Use it, don’t lose it

De Graaf

De Graaf

Staff Writer
Want to stay healthy? Take a vacation. That’s the message John de Graaf is trying to get out.
De Graaf, of Seattle, is president of Take Back Your Time, a nonprofit coalition dedicated to encouraging Americans to use all of their vacation days. The organization held its first Vacation Commitment Day on Tuesday.
Many studies have shown that men who do not regularly take vacations are one-third more likely to die of a heart attack, de Graaf said.
“If you’re female it’s even worse,” 50 percent more, he said. He said studies have also shown that people who don’t regularly take vacations have a much higher rate of depression.
But despite the health benefits, many Americans don’t take all the vacation days they have. Take Back Your Time cited research from the U.S. Travel Association, which found that some 40 percent of Americans fail to use an average of seven or more days of paid vacation every year. Nationally, the figure is 400 million days of unused vacation, de Graaf said.
De Graaf said there are three main reasons people don’t take all their vacation. First, people feel frightened that, “when the next layoff comes,” they’re more at risk if they’re seen as a “slacker.”
“Whether that fear is real or not, I think, varies from company to company,” he said.
Sometimes even when an employer is actively encouraging employees to take vacations, though, that fear is still there, he said.
Second, people complain that when they do go on vacation they come back to a lot of extra work.
“No one covers for them,” de Graaf said.
He said that American companies are less likely than European companies to cross-train people to take over others’ duties when they’re not there.
The third reason is that people say they can’t afford to take a vacation. De Graaf said a vacation doesn’t necessarily have to cost a lot of money, and could be something like camping. He does encourage people to take “a block of time, not just a day here and a day there” in order to truly unwind and prevent burnout.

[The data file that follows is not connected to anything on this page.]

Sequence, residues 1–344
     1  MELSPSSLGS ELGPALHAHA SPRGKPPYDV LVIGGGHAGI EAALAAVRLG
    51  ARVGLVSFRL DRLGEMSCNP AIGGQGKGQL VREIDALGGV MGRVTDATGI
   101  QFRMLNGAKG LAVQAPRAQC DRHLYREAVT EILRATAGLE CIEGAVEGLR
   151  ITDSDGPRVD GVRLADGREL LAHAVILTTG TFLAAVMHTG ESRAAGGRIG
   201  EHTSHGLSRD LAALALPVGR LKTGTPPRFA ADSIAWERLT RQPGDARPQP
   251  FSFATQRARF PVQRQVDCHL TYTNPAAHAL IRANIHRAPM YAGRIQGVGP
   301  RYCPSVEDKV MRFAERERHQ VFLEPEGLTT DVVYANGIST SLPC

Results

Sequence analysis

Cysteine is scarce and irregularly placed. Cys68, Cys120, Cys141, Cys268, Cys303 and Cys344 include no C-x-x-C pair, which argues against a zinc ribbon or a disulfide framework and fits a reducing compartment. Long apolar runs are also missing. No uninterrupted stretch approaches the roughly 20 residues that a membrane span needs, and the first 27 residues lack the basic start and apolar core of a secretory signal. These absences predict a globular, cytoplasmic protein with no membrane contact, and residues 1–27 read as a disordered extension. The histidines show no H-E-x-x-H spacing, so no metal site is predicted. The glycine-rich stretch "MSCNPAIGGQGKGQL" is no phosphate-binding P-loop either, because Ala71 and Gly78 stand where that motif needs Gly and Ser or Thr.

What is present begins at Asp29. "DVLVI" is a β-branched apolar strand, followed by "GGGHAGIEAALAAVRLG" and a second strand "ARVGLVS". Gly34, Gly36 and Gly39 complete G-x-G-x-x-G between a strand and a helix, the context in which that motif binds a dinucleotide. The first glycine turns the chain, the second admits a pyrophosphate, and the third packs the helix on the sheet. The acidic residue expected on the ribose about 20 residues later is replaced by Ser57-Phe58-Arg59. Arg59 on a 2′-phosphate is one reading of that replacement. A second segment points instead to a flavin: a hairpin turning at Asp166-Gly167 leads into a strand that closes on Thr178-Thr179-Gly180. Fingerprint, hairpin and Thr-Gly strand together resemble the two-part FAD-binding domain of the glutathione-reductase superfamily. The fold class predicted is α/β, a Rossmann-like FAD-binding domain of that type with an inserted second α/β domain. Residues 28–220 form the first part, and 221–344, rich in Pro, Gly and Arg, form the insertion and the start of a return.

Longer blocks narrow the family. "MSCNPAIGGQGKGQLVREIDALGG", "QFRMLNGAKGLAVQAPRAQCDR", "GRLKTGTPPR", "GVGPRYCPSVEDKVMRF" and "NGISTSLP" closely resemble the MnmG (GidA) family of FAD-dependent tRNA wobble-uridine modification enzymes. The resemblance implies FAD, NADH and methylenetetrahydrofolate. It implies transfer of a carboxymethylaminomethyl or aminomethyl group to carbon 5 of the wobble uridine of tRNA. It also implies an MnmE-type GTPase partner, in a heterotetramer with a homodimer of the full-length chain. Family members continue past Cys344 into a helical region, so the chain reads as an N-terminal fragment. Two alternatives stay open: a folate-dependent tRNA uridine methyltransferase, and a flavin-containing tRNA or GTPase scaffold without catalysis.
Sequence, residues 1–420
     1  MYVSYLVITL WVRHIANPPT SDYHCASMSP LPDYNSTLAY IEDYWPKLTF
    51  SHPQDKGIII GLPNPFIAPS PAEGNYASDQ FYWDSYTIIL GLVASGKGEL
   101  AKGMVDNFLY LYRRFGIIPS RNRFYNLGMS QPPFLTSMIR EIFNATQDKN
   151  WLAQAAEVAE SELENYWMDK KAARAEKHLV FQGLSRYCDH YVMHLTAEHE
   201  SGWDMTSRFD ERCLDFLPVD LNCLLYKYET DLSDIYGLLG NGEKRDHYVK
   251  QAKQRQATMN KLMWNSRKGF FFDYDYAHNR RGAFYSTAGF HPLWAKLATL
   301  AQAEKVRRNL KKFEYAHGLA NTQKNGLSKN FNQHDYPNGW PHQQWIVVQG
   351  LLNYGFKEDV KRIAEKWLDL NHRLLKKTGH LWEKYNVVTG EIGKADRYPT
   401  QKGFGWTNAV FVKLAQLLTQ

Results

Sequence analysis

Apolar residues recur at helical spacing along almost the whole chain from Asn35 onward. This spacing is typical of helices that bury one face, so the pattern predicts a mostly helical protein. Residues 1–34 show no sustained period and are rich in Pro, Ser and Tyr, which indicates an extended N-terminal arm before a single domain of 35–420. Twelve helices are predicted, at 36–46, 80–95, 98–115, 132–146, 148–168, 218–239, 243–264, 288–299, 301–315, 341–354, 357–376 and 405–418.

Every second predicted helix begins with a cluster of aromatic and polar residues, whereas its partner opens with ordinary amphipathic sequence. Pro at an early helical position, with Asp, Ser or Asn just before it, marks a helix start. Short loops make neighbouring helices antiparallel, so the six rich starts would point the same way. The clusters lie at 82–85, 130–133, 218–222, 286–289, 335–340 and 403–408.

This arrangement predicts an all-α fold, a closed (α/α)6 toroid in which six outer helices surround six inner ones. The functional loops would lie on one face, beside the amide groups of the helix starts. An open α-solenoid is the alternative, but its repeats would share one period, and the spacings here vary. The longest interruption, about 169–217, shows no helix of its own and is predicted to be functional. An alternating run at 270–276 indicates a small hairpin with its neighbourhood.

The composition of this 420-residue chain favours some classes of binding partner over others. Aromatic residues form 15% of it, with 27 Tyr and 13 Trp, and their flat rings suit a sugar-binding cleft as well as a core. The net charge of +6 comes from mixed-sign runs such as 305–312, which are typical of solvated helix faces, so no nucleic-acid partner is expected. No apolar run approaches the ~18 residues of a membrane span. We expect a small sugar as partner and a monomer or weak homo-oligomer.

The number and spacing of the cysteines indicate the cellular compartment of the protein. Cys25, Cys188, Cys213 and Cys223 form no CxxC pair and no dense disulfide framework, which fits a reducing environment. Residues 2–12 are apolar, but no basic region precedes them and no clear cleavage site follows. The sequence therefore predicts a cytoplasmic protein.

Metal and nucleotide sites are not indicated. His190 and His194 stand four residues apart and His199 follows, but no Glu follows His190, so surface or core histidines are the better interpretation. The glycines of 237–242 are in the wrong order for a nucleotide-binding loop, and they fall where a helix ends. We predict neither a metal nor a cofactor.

He also encourages people to go away from home rather than take vacation days but stay home.
“You get away from the routine,” he said.
He said women, in particular, may find they are stuck with many household chores during their “vacation” if they stay home, so leaving home can be “quite valuable” to escape from their usual routine.
De Graaf encouraged minimizing the use of electronics, such as checking email. He said different people may have different preferences, and some may find they feel better if they do check email at least occasionally. But he encouraged people to limit this, if not outright eliminate it, and said employers should encourage their employees not to feel that they need to check in while they are on vacation.
De Graaf’s interest in the issue came in part from making a film for PBS in the early 1990s called “Running Out of Time.” It wasn’t until many years later that he became an activist on the issue. Take Back Your Time established the first Take Back Your Time Day in October 2003. Take Back Your Time Day is different from Vacation Commitment Day this week.